New Caravaggio biography casts light on Renaissance hellraiser (By Roya Nikkhah, Arts Correspondent, TELEGRAPH)

As one of history’s most enigmatic and influential artists, Caravaggio’s short but colourful life has been the subject of wild speculation and conspiracy theories for four centuries.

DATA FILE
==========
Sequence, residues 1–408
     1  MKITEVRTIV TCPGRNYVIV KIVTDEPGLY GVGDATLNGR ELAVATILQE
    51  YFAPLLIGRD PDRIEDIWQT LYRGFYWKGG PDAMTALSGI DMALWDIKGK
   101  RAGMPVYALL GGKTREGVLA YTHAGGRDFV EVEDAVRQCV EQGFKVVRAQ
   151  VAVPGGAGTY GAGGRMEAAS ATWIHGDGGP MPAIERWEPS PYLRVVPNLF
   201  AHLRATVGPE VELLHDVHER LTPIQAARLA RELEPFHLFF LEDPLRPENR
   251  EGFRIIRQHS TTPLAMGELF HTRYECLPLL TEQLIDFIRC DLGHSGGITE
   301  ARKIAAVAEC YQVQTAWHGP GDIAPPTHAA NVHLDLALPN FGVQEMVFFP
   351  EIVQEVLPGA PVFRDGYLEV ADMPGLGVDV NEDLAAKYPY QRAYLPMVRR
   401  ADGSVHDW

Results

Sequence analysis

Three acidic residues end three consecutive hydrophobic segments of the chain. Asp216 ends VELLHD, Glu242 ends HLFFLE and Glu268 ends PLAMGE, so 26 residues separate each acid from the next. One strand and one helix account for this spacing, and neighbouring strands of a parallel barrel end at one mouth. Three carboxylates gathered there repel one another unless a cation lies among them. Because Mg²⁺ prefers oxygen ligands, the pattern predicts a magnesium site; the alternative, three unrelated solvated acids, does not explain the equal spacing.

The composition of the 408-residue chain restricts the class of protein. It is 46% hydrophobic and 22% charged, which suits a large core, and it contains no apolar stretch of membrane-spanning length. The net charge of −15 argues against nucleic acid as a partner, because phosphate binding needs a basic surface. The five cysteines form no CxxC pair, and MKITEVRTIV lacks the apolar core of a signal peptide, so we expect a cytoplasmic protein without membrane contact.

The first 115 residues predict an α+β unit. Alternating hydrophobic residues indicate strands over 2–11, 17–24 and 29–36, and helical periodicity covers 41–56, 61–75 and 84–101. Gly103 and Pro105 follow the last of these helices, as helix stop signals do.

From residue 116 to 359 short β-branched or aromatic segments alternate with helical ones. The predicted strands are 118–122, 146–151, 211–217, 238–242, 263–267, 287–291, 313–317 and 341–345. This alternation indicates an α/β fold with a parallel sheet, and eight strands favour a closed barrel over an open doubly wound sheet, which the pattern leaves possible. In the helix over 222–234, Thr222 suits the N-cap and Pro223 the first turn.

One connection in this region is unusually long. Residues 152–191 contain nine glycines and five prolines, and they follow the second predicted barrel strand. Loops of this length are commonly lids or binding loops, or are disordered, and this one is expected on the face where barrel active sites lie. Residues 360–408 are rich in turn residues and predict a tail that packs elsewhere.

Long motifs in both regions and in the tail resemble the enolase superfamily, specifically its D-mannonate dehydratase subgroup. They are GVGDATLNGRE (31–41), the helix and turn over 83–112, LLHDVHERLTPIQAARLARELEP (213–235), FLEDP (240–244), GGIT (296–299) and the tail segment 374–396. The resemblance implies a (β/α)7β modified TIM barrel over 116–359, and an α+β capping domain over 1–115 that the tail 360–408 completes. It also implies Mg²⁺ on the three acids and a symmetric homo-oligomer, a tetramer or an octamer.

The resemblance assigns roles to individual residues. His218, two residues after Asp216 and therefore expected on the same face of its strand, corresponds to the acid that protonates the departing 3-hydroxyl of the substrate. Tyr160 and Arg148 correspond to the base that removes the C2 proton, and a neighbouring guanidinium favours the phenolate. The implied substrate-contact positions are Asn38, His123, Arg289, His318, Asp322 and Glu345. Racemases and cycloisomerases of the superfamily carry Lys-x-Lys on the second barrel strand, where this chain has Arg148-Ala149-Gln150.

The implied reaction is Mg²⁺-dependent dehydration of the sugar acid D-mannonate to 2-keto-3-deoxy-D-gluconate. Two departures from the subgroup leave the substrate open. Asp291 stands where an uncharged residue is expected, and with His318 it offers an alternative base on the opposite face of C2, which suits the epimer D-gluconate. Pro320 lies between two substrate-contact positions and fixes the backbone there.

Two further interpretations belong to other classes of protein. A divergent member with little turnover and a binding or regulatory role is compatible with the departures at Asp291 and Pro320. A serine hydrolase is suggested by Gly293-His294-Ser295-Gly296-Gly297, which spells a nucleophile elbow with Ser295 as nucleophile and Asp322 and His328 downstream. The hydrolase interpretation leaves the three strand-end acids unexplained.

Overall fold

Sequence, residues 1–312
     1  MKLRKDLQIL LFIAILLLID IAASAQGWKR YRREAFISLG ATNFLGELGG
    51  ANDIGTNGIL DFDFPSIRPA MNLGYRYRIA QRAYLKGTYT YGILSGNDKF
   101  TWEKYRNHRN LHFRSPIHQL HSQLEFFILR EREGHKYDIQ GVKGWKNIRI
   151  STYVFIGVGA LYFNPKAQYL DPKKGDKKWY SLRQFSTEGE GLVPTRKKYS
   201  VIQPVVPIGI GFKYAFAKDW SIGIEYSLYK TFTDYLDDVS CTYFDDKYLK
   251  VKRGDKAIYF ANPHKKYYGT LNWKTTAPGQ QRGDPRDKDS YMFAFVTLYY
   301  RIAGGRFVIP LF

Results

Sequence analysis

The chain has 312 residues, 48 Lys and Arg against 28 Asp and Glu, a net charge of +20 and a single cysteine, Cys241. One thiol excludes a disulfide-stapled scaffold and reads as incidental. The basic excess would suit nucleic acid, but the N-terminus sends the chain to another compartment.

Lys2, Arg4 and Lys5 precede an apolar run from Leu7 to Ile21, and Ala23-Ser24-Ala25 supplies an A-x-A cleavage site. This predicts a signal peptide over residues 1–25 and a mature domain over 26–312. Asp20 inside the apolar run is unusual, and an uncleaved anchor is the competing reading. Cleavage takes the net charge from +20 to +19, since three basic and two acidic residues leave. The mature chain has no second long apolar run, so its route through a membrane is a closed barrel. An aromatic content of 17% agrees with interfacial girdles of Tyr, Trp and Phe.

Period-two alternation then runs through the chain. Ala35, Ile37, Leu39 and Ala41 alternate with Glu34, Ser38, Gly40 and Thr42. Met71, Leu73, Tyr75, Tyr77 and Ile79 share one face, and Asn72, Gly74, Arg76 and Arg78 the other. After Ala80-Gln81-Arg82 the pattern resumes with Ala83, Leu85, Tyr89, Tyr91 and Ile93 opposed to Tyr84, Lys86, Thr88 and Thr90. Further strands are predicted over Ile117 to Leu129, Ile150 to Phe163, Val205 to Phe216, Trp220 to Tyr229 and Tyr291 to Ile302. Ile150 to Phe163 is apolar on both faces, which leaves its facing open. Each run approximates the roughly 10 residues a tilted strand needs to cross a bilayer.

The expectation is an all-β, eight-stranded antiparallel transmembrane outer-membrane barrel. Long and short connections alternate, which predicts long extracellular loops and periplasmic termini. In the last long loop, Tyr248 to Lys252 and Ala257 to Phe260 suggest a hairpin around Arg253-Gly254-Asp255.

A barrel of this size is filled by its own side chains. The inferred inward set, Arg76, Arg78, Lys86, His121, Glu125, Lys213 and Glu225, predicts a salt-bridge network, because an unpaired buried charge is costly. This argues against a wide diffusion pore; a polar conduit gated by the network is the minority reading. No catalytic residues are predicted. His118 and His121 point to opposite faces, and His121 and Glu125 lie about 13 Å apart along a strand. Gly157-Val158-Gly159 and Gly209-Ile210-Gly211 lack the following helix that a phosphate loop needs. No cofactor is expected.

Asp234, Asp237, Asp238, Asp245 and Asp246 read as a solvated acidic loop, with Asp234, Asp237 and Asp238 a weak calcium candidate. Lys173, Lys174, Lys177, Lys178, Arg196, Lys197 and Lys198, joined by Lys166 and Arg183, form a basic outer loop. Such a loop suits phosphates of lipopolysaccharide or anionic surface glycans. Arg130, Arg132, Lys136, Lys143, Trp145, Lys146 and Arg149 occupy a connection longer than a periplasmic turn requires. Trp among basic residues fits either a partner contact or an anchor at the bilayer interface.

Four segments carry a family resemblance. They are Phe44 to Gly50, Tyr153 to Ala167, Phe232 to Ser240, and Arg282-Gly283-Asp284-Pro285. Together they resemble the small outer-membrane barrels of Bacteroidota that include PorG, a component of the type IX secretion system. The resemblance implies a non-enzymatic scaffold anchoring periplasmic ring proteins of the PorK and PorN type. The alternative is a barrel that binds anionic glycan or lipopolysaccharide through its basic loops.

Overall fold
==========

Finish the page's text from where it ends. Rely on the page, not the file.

But a new book on the Renaissance’s most tempestuous artist sheds fresh light on the Italian painter whose hot temper was as renowned as his work, and who died after a violent life aged 38.  Since his death 400 years ago, mystery has surrounded the painter of such masterpieces as The Death of the Virgin and David Victorious over Goliath, who influenced the likes of Velázquez and Rembrandt.  Historians have remained in the dark about the final years of his life, during which Caravaggio committed murder and fled to Malta, instigating a fateful chain of events which led to his death.  Last week, scientists in Italy searching for Caravaggio’s remains claimed that he may have died from lead poisoning from his paints, but admitted that fragments of bones they tested might not be Caravaggio‘s and that they were still struggling to discover the truth about his death.  But now, Caravaggio: A Life Sacred and Profane by Andrew Graham-Dixon, the art critic, uncovers new details on pivotal events during the artist’s turbulent career, suggesting that the artist was sexually adventurous, worked as a pimp and may have fathered an illegitimate child… READ MORE ON TELEGRAPH.COM


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